The Weird Royalties Series: Part One
It turns out, you don’t need to be a charismatic podcast host like Joe Rogan or a Top 20 Billboard star like Adele to earn millions on YouTube. You just need to be fearless about eating or whispering on camera. Autonomous sensory meridian response (more commonly known as ASMR) sound effects have become an online royalties gold rush. We can trace it back to 2009 when the first ASMR video, Whisper 1 – hello! posted on YouTube, caused listeners’ scalps and spines to tingle. That ASMR sensation has become addictive for millions worldwide.
Which brings us to YouTuber SAS-ASMR. This Canadian woman has earned nearly $5 million on YouTube with her 1,060 videos. (I’ll do the math for you – she averages an astounding $4,716.98 per 10-to-12-minute video.) YouTube’s predictive analytics estimate a skyward trajectory of earnings from October 2020 to July of 2021. But what is her special talent?
What, you might ask, compels nearly 9 million people to subscribe to SAS-ASMR’s videos?
Sixteen hours ago, SAS-ASMR posted a video of just her magenta-lipsticked mouth eating a seafood boil of prawns, egg, corn and a spicy seafood sauce. In the 16 hours since she first posted the video, it has garnered 175,000 views, and 8,900 “likes.” This particular video opened with a Liberty Mutual ad, and at the two-minute mark, broke for a male-centric product ad, likely triggered by my algorithmic buyer persona. To my ASMR newbie’s ear, the sound effects were much too exaggerated and electronically engineered, like a foley artist trying just a little too hard to win an Oscar for best sound design. Mind you, the average foley artist guild member’s guaranteed wage is $2,000 per week, or $340 per day. In mid-July 2020, SAS-ASMR’s YouTube account has already earned an estimated $35,000 for the month. In her highest-earning months to date — February and March of 2019 — she was raking in $114,000 each month. If I were a struggling Hollywood foley artist, I know what I’d be doing right now: eating prawns on camera.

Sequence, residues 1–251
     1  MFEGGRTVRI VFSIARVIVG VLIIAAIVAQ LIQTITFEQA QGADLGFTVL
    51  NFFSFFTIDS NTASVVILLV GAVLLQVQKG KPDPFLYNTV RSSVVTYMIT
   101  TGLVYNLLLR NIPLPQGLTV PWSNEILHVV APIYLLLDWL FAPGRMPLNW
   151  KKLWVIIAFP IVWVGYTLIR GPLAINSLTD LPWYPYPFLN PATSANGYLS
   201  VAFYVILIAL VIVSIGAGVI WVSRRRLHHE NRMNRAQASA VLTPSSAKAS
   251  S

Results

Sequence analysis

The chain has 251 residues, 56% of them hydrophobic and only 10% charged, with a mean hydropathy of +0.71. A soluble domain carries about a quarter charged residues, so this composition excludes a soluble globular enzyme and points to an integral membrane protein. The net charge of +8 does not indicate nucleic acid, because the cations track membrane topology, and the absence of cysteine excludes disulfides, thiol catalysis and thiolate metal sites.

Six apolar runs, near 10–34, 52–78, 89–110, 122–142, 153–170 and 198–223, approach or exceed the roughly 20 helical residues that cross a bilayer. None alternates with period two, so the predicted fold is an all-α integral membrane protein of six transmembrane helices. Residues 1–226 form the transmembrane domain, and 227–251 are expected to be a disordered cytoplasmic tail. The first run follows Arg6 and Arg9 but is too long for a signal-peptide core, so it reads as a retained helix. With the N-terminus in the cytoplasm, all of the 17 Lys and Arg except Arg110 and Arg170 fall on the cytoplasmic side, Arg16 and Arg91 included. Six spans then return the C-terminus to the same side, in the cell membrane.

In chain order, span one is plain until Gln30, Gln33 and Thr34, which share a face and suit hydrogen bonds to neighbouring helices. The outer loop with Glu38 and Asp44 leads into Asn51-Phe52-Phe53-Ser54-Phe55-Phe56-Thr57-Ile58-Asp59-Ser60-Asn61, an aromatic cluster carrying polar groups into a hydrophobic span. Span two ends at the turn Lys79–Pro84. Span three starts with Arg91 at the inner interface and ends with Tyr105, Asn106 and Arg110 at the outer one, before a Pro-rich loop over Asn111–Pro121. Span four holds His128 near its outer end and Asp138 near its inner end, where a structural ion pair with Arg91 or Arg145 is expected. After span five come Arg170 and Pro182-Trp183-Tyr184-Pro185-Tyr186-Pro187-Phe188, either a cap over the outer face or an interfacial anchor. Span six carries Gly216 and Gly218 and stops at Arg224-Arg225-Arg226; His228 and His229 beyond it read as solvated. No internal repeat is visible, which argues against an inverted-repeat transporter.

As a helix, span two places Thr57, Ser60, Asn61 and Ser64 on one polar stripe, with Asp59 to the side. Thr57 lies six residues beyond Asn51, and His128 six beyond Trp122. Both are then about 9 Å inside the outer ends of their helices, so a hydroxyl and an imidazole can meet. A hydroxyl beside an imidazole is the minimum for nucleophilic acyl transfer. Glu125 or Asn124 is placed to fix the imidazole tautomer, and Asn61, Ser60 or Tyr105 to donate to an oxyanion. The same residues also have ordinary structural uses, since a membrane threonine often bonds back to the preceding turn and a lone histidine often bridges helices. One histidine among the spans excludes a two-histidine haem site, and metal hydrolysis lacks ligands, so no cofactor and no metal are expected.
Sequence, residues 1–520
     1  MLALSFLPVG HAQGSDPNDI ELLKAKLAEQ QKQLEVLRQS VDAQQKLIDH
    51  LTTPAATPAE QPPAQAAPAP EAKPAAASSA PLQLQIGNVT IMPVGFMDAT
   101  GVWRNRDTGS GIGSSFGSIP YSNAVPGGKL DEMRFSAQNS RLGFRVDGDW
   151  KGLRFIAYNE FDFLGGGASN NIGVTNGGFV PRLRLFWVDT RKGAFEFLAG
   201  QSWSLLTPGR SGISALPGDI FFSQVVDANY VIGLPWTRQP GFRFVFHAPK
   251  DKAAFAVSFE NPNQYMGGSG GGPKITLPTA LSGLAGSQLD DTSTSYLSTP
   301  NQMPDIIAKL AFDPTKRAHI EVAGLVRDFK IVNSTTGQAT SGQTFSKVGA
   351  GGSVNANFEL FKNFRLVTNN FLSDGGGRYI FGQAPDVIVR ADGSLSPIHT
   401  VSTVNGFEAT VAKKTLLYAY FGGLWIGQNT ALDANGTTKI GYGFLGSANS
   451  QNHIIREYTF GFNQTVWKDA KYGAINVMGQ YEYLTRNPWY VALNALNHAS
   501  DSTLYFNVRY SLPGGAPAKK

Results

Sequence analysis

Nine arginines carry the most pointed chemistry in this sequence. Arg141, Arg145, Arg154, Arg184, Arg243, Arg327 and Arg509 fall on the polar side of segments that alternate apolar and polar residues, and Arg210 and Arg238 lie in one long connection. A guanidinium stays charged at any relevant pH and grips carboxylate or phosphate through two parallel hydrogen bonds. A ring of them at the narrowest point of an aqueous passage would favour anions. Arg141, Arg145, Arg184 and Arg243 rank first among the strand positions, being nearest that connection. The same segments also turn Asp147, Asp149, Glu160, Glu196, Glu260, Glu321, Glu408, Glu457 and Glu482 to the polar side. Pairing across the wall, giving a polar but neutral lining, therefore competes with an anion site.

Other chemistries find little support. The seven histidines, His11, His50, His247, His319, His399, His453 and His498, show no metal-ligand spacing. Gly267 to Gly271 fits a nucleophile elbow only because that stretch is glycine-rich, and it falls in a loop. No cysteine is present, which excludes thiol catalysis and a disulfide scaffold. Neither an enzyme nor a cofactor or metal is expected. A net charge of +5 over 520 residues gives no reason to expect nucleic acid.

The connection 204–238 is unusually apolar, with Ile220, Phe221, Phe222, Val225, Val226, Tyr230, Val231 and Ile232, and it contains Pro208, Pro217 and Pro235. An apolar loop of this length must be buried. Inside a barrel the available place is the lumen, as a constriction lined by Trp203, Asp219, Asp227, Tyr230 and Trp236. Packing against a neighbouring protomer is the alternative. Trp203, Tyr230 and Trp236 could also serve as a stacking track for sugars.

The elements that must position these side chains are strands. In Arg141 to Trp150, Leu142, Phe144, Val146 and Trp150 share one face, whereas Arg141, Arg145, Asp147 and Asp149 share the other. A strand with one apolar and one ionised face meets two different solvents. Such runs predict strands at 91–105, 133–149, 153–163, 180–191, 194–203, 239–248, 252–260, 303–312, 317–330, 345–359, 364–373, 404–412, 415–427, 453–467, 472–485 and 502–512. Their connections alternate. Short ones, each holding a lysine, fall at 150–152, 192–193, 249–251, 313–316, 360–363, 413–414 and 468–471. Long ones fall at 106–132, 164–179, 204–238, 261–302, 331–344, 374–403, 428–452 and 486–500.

W magazine got in on the act in 2017 with their “ASMR interview” series, featuring A-list celebrities whispering and making varied sounds, like Margot Robbie spreading Vegemite® on toast. In October of 2018, they posted the video of Cardi B whispering into the microphone. It’s garnered nearly 41 million views so far, likely earning more revenue than any issue of their magazine.
ASMR’s popularity has accelerated since March of 2020, when locked-down remote workers and students began self-soothing with coffee house sound effects. ASMR creates a highly pleasurable, tingly, calming response for its stressed-out listeners. This self-soothing movement is nothing new, but it’s clearly growing in awareness. People with anxiety, autism-like symptoms and touch sensitivities often use brushing therapy to produce a similar sensation, triggering serotonin (the neurotransmitter improving moods and social functioning), to release in the brain. YouTube may want to rethink the ads they run during SAS-ASMR’s videos. Perhaps, weighted blankets, which are hot items for the serotonin-depleted.
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